The Case Of The National Cycling Association
The case of the National Cycling Association, like that of its parent body, The National Athletic & Cycling Association, is a simple one. It simply demands that Ireland be given her rightful status of nationhood in international competition, and it opposes any attempt to misrepresent, curtail or partition the athletic manhood of Ireland.
Only a body representative of all Ireland can represent all Ireland internationally. Any group or organisation which is confined in its alleged jurisdiction to a part of Ireland does not and cannot represent all of Ireland; and, likewise, neither can any individual athlete who is affiliated to any partitioned organisation, be that organisation of six or twenty-six county origin. One can build good intentions on injustice and it is an injustice to misrepresent one’s country.
The idea, that one can strive and compete for the athletic glory of Ireland, when at the same time one recognises the right of an alien body to deprive our country of her greatest glory…. the glory of nationhood, is something acceptable only to a fool or a knave.
Very briefly, the origin of the present so-called ‘split’ in Irish athletics is as follows:
In 1924, two years after the setting-up of the Irish Free State, Ireland, as represented by the N.A.C.A., was unanimously accepted for membership of the International Amateur Athletic Federation (I.A.A.F.). Ireland was accepted as a thirty-two county nation, and she was recognised as such when Dr. Pat O’Callaghan won the hammer title at the 1928 Olympic Games. In 1932, the position was unchanged when O’Callaghan retained his title, and Bob Tisdall won the 440 yards hurdles crown
Meanwhile in 1925 a number of northern clubs ceased to be affiliated to the N.A.C.A., and later these clubs applied for membership of the British Amateur Athletic Association (A.A.A.). After a period of alleged consideration by the British body the breakaway Irish clubs were granted membership. This action by the British A.A.A. was indirect conflict with the rules if the I.A.A.F.
At the International Council meeting of the I.A.A.F. held in London in 1931, Britain raised the question of the N.A.C.A., being confined to the twenty-six counties. Discussions was deferred until the following year when, in Los Angeles, the so-called ‘Irish question’ was raised again by Britain. After some discussion, the Polish delegation, seeing how unjust and opposed to principle the British case was, proposed that the whole matter be dropped. Italy seconde the motion and it was carried by twelve votes to six.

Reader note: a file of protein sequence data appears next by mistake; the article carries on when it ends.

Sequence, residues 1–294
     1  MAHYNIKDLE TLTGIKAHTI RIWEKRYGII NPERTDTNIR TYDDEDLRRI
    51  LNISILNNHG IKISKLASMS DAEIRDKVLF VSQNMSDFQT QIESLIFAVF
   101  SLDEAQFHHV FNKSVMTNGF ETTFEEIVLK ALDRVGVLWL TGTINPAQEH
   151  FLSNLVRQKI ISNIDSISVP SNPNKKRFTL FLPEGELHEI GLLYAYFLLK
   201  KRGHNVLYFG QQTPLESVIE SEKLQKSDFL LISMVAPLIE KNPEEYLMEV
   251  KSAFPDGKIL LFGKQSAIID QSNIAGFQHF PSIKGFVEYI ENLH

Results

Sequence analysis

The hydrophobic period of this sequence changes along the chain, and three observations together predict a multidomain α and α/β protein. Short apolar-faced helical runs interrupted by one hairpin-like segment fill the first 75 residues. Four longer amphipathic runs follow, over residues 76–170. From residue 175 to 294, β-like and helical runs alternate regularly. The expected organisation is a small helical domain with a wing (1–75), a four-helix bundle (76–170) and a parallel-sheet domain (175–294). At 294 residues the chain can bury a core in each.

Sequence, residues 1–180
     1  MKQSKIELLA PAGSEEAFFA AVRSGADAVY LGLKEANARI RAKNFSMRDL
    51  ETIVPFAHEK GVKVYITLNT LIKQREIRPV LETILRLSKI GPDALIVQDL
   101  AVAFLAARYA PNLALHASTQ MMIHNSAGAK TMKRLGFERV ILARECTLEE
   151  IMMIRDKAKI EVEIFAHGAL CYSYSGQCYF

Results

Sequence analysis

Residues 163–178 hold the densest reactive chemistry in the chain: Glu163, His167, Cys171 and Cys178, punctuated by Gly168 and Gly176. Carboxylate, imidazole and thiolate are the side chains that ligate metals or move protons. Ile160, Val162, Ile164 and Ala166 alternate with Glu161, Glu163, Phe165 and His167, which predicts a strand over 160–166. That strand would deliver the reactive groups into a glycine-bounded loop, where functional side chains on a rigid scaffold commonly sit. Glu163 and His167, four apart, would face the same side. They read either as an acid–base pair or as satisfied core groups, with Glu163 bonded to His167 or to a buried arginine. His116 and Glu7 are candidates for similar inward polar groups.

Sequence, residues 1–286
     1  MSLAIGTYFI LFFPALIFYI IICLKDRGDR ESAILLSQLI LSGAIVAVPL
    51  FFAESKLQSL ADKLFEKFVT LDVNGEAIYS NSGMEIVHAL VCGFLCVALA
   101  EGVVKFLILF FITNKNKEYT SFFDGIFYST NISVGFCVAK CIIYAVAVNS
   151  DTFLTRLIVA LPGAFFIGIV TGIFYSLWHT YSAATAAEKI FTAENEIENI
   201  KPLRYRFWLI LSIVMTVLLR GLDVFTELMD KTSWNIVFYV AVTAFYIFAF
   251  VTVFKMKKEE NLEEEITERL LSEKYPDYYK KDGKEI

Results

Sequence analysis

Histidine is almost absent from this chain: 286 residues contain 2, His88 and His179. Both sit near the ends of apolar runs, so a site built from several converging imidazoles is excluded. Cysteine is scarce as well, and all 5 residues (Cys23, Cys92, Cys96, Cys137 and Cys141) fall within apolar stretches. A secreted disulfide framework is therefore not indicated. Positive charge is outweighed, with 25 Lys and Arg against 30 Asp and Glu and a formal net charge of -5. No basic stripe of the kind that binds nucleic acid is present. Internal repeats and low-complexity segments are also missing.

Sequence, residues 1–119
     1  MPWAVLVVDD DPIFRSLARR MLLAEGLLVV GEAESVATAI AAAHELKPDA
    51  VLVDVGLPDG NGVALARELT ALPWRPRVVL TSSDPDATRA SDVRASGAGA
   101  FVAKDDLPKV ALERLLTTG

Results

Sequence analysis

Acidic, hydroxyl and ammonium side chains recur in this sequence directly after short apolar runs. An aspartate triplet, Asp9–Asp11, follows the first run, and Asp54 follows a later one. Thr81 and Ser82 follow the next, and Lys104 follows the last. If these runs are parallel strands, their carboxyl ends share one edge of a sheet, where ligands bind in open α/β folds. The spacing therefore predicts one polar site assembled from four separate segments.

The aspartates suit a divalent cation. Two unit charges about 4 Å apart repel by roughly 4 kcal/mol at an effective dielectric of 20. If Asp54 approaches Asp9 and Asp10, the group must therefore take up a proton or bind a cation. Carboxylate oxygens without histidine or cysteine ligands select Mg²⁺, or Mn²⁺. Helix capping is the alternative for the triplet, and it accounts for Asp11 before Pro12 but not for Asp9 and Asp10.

England was not, of course, yet beaten. At the 1934 Congress of the I.A.A.F., held in Stockholm, she once again proposed that the N.A.C.A. ‘be confined to Ireland’s political boundaries’. After a long debate the British motion was carried by nine votes to one with ten abstentions.
The N.A.C.A. Annual Congress, held shortly afterwards, naturally refused to confine itself to twenty-six counties, and so Irish athletes were debarred from International competition. Dr. Pat O’Callaghan attended the 1936 Olympics, held in Berlin, as a spectator deprived of the right to defend his hammer title.
From 1934 to 1937, Irish athletics was, although suspended, at least united. Then came ‘ the unkindest cut of all’ A group of Irishmen decided that they would barter their nationhood for the paltry price of international competition.
These individuals applied for membership of the I.A.A.F., stating that they would accept the British motion and confine themselves to the political boundaries imposed upon us by Britain… this body became the Irish A.A.U.
England was now satisfied, at least as far as Irish athletics was concerned. Ten years later she put forward the same partition motion to the Cycling Union International Congress and again, by virtue of the support coming from Commonwealth countries and by the many other methods which she has always been capable of and debased enough to use, the motion was carried.
The N.C.A. now joined the N.A.C.A. as suspended from international competition.
Again history repeated itself; the compromisers appeared and following in the footsteps of the A.A.U., they applied for affiliation to the world cycling body. They received it together with England’s blessing, and so the C.R.E., was born.